Metal partial dentures

D5213: Maxillary Partial – Cast Metal, Resin  April 19, 2015 – 09:19 pm
Crowns and Dentures - Young Family Dentistry, LLC

A “partial” is a form of dental prosthetic that allows for the placement of a series of artificial teeth in an area where healthy teeth used to exist. They can be made from a variety of materials, and can contain as many teeth as are missing in either jaw. However, once all teeth are lost in either the mandibular (lower) or maxillary (upper) jaws, a complete (or, full) denture would be necessary. As such, partials are often referred to as “partial dentures.” Dental Procedure Code D5213 refers to a partial utilized in the upper jaw.
When a person experiences the loss of several teeth in either jaw, outside of dental implants (D6010), or a bridge (D6790), the only viable solution may be a partial denture. This prosthetic allows for a fairly aesthetic look and reasonable level of comfort due to the anchoring effect provided by the mouth's remaining healthy teeth. A partial is designed to be affixed to these teeth, which not only act as a strong stabilizer for the prosthetic, but can enhance the appearance of your smile by making the partial seem all the more “real”.
The partial described in dental procedure code D5213 is constructed of a cast metal base, with the remaining body comprised of acrylic resin. This type of denture provides excellent strength and reasonable cosmetic appeal, but wearers may sometimes find them somewhat uncomfortable given the metal framework. Modern materials science is providing more choice in this arena, and comfortable forms of dentures do exist, as is the case with flexible denture base resin (Dental Procedure Code D5226 and Dental Procedure Code D5225).
The procedure for making a partial is akin to that of making a bridge, albeit with a few more steps. In fact, the cast metal, resin base partial described in this dental code can take up to five visits until the final fitting. Fabrication of such a partial starts with an impression mold, as well as palate, tooth, and bite measurements, and a recording of tooth color and shade. These details are then forwarded to a dental lab that will fabricate the metal framework, which when complete will be forwarded back to the dental office. If the fit is a match, the next step would be to create a wax mold of the partial, which again would be returned to the dental office for a fitting. If it too is correct and to the liking of the dentist and the wearer, then finally the custom partial would be created for a final fitting.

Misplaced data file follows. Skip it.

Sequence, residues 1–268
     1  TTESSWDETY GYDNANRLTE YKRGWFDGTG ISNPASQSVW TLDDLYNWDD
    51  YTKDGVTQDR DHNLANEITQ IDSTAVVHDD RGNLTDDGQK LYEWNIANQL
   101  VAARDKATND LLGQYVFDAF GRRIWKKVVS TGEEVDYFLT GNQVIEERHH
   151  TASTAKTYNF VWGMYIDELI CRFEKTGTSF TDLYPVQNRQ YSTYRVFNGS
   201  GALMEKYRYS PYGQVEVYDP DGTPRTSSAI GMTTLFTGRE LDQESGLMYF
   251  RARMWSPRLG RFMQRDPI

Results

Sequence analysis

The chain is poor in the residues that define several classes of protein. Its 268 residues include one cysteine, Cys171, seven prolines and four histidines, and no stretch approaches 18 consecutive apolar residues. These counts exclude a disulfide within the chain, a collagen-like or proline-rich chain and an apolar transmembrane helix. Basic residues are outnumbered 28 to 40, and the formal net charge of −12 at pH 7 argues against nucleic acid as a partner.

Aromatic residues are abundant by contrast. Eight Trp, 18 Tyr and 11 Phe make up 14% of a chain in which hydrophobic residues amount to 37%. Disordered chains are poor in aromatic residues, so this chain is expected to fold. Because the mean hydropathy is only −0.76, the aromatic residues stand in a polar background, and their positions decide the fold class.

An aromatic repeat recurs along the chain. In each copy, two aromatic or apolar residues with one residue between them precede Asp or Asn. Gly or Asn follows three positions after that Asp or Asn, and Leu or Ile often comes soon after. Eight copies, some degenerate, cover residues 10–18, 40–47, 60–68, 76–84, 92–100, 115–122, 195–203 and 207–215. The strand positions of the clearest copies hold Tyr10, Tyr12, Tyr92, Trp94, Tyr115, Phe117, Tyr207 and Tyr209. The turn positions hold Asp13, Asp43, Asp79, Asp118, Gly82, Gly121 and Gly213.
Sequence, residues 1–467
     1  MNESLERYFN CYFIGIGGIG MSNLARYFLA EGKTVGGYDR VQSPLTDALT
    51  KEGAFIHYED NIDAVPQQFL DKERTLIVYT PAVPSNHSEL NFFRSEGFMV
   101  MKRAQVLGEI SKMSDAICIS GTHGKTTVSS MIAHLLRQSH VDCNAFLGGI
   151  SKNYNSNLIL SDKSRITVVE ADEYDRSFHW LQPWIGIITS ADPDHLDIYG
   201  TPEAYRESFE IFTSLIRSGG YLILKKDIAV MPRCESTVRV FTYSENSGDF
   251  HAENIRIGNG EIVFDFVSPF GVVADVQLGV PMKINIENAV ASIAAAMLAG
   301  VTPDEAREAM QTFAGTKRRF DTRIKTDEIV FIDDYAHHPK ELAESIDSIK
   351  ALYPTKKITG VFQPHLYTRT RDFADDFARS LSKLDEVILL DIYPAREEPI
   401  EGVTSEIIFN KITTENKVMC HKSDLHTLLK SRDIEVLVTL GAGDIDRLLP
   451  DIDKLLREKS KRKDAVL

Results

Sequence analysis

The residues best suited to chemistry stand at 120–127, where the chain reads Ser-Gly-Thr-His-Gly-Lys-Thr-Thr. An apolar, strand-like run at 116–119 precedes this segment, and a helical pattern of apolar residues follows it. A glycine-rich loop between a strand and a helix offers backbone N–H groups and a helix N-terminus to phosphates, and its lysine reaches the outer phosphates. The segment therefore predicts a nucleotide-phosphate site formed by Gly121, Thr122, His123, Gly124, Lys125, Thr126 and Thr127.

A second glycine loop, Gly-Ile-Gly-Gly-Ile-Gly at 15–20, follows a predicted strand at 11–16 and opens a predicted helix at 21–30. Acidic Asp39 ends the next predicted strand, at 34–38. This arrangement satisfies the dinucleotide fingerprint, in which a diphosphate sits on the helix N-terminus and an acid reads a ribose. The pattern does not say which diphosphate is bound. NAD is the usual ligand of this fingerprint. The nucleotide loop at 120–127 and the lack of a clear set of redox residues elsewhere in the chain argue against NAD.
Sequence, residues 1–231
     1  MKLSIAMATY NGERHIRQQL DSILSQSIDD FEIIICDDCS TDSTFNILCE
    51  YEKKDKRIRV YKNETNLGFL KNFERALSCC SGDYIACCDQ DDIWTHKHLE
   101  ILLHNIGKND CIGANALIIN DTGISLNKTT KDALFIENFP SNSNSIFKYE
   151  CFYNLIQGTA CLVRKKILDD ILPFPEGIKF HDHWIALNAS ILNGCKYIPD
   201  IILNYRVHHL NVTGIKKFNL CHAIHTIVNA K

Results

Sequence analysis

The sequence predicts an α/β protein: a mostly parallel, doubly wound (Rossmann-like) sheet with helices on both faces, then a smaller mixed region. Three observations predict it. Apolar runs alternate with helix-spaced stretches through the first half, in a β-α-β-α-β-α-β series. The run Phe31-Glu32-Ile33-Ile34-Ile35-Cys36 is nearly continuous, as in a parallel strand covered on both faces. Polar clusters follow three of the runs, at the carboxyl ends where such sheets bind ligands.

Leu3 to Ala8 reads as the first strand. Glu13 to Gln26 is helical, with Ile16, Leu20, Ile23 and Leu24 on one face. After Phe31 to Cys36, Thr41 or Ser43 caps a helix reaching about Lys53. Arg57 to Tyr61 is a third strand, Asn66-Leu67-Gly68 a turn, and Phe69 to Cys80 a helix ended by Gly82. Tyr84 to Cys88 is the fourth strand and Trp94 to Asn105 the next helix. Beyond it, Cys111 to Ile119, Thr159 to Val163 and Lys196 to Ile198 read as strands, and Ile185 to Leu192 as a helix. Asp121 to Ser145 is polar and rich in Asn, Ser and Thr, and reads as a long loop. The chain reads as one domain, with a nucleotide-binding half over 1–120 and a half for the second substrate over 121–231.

To look up and find more cdt dental codes from the American Dental Association, please visit our complete Dental Procedure Code Library.

Source: www.patientconnect365.com


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Cusil dentures

Does anyone know a dentist in the los angeles area that makes cusil dentures?
my mom has a partial that she hates- the metal claps hurt her and she doesn't want to deal with them anymore, ie have them adjusted.
she has about 5-10 teeth left on both upper and lower.
cusil dentures seem ideal- lets her keep her current teeth and can become full dentures later on.
i did some research on cusil dentures, but nothing comes up for los angeles.
also, what is the costs? i thought of finding a manufacturer out of state and providing the information for a local dentist here.
thanks

IMO

Sometimes a bone graft is necessary to get adequate retention and stability for a full denture. Generally this is unnecessary for partial dentures--this dentist may have a rationale, but you haven't told me enough to say I agree with this dentist.
I've already told you I don't particularly care for Valplast, so unless you specifically told the dentist you wish to avoid the metal clasps, I wouldn't let this dentist push you into a Valplast partial you may not require.
I'm inclined to advise you to go to another dentist for another opinion.
S. Bornfeld, DDS

Valplast

...and similar materials are vinyl-based denture materials. To my knowledge they are not used for crowns and fixed bridges--and would be far too soft to use for this purpose.
The rationale for Valplast is that clasp-like extensions of the denture base can be made to snap over the teeth. They can be pink (to match the gum) or white (to match the teeth). What you gain compared to traditional acrylic-based dentures is that you don't use metal clasps in a cosmetically critical area.
You do however sacrifice some stability when compared to partial dentures with cast metal frames

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